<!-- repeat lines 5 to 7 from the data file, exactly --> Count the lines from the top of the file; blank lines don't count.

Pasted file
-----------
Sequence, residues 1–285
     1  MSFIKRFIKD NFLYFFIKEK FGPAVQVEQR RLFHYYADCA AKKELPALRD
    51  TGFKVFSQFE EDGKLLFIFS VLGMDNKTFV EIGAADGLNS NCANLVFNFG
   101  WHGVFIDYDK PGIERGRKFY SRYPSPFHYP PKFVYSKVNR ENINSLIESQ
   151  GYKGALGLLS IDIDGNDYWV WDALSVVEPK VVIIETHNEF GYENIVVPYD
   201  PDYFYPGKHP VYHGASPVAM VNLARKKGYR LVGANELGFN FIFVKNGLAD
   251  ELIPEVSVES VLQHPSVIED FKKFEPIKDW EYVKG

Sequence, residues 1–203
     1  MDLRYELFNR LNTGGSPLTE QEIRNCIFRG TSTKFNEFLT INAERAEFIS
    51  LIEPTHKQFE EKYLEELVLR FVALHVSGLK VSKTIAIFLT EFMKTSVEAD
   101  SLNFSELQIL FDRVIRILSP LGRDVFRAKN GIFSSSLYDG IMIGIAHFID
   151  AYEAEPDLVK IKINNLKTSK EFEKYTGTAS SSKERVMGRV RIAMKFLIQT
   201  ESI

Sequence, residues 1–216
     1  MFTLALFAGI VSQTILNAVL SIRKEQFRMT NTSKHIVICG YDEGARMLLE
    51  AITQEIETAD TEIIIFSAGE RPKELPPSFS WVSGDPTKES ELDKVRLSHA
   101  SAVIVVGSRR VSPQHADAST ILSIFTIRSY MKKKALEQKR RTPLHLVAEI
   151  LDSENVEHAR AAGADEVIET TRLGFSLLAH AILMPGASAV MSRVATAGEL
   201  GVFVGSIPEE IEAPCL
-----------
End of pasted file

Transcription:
   151  GYKGALGLLS IDIDGNDYWV WDALSVVEPK VVIIETHNEF GYENIVVPYD
   201  PDYFYPGKHP VYHGASPVAM VNLARKKGYR LVGANELGFN FIFVKNGLAD
   251  ELIPEVSVES VLQHPSVIED FKKFEPIKDW EYVKG